We were looking for an academically rigorous curriculum for our three gifted children that provided a nurturing environment where our kids didn’t feel anxious and pressured. The small class size allows for our kids to really get to know all of their fellow students and faculty. We were looking for a community that felt more like a family than a bunch of acquaintances. My oldest daughter actually refers to her 8th grade class as her ‘fam’. We also looked for a school where the social and emotional skills were just as important a part of the curriculum as the academic components. Finally, it was very important to find a school with a diverse student population and a global perspective. We believe that all of those components will prepare our children for a successful and happy future no matter what they choose to do or where they choose to live. We also believe it will provide the happiest of experiences while they are attending school. People always ask me if I like GEMS and I say, ‘My kids are happy so I am happy.’

Our best advice to other parents:

I would say trust how you feel and trust your kids’ reaction/impression when you visit schools for your family. Not every school is a fit for every student, and it is important that the one you choose really is a match for your family’s wants, desires, and culture. After visiting GEMS, all three of my kids were excited to go there. That was not a small matter, as they were moving from Maryland, leaving all of their friends, and relocating to Chicago.

Elizabeth Garino

Family: Husband Ryan, kids Gabe, 6


grader, Theo, 2


grader, and Joey, 3

Hometown: Chicago

School: Sacred Heart School, Chicago

Why a private school works for us:

While it may seem overwhelming at first to research elementary schools while your child is only 2 or 3 years old, Ryan and I saw this process as an opportunity. We researched great public school options and many wonderful private schools, both Catholic and secular. We were looking for a school with strong academics, of course. We were also interested in joining a community where our children’s moral and spiritual development would be addressed as well. We actually were disinclined to send our kids to a K-12 institution because we wanted a smaller environment for them in their younger years, and then the option for them to move to a larger institution for high school.

Sacred Heart was a perfect fit for our family. The school has a stellar academic reputation and a particularly robust middle school program. SH’s eighth-graders all go on to wonderful, challenging high schools. The class sizes are very small and students receive language, art, music and physical education in regular rotation. They have access to free before- and after-school care, as well as a diverse set of afterschool and sports offerings. We love that students come from all over the city (thanks to a large bus program servicing a variety of neighborhoods), so our kids meet friends from all over. Another of the great unexpected perks about the bus system is that we still have a neighborhood feel with our Sacred Heart bus group.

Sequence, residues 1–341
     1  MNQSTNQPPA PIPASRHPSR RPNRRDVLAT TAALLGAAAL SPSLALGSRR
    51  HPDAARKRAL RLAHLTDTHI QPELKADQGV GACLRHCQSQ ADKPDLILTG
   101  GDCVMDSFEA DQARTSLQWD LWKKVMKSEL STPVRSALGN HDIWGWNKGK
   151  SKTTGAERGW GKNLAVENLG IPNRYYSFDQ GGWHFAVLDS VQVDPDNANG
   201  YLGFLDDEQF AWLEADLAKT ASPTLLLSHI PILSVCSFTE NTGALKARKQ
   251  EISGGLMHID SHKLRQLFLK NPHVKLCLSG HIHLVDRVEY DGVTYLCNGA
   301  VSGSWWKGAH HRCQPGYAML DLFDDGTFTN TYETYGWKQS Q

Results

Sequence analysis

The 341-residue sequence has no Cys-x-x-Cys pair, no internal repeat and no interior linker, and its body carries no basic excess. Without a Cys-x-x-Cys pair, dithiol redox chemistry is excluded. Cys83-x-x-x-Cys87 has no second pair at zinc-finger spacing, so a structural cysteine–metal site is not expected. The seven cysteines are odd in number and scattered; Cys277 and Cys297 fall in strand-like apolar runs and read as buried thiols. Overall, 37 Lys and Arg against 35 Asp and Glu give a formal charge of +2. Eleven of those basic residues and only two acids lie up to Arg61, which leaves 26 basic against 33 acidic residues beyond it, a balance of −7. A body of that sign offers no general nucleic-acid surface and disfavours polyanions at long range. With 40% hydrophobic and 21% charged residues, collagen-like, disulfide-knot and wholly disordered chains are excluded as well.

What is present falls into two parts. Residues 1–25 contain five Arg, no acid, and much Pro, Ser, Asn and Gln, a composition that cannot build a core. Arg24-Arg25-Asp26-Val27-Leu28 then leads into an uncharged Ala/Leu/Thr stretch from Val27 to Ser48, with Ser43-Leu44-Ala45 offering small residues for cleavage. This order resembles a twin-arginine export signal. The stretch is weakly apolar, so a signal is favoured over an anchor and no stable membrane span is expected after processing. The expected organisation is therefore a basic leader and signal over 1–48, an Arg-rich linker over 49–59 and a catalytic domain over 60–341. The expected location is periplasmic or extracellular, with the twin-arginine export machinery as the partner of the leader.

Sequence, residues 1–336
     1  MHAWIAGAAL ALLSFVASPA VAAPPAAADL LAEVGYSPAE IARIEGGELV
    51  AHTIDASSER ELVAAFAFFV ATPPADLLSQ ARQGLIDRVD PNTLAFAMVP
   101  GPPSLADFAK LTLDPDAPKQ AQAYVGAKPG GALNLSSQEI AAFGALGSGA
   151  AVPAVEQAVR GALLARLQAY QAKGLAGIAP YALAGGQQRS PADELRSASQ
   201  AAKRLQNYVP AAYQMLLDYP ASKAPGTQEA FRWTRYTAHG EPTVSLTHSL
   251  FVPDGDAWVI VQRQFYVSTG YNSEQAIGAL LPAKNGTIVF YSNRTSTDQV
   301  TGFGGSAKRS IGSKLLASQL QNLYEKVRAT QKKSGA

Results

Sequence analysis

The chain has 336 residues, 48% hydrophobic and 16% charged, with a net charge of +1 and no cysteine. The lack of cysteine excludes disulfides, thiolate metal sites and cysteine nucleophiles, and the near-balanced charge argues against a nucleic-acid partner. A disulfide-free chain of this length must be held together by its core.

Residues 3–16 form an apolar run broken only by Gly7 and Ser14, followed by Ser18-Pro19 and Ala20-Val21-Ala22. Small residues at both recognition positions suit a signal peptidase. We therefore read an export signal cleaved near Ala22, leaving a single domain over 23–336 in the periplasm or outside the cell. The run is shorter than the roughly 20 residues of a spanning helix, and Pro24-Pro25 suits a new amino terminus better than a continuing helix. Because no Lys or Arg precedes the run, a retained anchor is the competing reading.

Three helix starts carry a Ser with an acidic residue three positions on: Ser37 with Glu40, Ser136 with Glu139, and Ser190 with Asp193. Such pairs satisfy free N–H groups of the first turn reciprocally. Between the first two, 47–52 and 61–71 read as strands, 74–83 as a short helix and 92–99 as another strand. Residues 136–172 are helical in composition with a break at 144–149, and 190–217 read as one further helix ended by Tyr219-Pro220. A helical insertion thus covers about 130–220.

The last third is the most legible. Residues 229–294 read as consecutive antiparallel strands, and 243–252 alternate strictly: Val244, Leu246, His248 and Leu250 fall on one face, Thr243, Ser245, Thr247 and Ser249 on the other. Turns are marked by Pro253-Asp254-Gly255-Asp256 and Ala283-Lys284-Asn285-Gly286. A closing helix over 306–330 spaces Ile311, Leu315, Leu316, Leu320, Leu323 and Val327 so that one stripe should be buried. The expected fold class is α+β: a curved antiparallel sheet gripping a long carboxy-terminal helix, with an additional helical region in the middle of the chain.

While the school is a Catholic school, it is separate from the Archdiocese and is governed like any other independent private school so our kids will make their sacraments at Sacred Heart but have many classmates from outside their own religious tradition (around 30 percent of the student body is not Catholic). But most of all, Sacred Heart works for us because we feel that the school has a very strong sense of community and is truly a partner to us in developing our sons’ sense of morality and what it means to be a good friend, family member and neighbor. At the end of the day, there are a lot of schools that offer advanced academics but Sacred Heart was unique to us in that it seemed to marry those academics with the whole-child development we were looking for!

Our best advice to other parents:

Take the time to talk to anyone you can at the schools you are researching. I can’t tell you how many phone chats or coffees I had with friends or random people that friends referred me to, in order to get a sense of the community and opportunities offered by each school. Go to the schools, attend the tours, talk to parents, and ask questions! While the application process can seem overwhelming, try to remember that the choices available to us here in Chicago are really great. If you are willing to embark on this process and really think about what is important to your family, you have a chance to make a very tailored choice to what fits with your specific family and that is pretty amazing!